Review Index


Who’s Afraid of Chris Elliott?

What follows is perhaps the most controversial stance I’ve ever taken. To be sure, I’ve already defended Roman Polanski and the reviled British publisher Creation Books on this site, which got me a fair amount of flack, but the following almost certainly promises to take reader outrage to an entirely new level.

     It’s a fact that some performers can be said to inspire heated reactions, but none more so, it seems, than comedian Chris Elliott. He was the headliner of GET A LIFE, the groundbreaking anti-sitcom that ran on Fox during 1990-92. It’s my sincere belief that Mr. Elliott is a comic genius, and GET A LIFE one of the finest TV programs of the 1990s.

     Over the years I’ve gotten an enormous amount of grief for praising GET A LIFE (don’t even get me started on all the online insults I’ve had to endure), and I’m hardly alone. Critic Tom Shales was actually threatened on the message board of a popular movie-related website following a 1999 appearance on SISKEL AND EBERT AND THE MOVIES, during which he dissed THE PHANTOM MENACE and recommended the initial DVD version of GET A LIFE--two apparently death-penalty worthy offences in the geek-verse. Well guess what? I abhor THE PHANTOM MENACE and love GET A LIFE. Looks like I’m advancing into dangerous waters…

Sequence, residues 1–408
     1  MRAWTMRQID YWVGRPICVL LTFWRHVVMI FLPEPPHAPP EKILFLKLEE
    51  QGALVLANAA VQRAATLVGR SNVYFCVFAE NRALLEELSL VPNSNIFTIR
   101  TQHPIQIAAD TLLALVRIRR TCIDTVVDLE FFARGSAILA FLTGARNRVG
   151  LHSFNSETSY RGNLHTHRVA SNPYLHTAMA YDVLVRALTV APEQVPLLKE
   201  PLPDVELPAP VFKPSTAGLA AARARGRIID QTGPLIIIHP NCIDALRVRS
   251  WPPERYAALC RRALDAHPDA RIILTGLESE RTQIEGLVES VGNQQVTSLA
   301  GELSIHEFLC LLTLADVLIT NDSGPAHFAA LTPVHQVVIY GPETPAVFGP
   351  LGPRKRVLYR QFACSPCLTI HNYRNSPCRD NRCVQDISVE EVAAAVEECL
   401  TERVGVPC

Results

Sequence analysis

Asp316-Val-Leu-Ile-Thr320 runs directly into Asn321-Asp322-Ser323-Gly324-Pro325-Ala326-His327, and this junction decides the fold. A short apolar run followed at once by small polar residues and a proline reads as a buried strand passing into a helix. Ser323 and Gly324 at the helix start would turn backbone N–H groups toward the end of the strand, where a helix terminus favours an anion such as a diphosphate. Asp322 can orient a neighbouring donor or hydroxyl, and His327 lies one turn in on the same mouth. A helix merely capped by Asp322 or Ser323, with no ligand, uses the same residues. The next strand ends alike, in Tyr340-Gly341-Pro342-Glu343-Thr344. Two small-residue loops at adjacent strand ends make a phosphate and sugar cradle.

GET A LIFE can’t actually be said to be a love it or hate it program. Rather, it’s a love it or really-really-really hate it program. But come on: GET A LIFE simply isn’t that terrible. It’s certainly no worse than THE CHEVY CHASE SHOW, COP ROCK, FISH POLICE, HERE AND NOW or BAYWATCH NIGHTS, to name but a few failed nineties programs that don’t receive nearly the same amount of ire. Clearly peoples’ hatred for GET A LIFE goes much deeper than a simple difference of taste.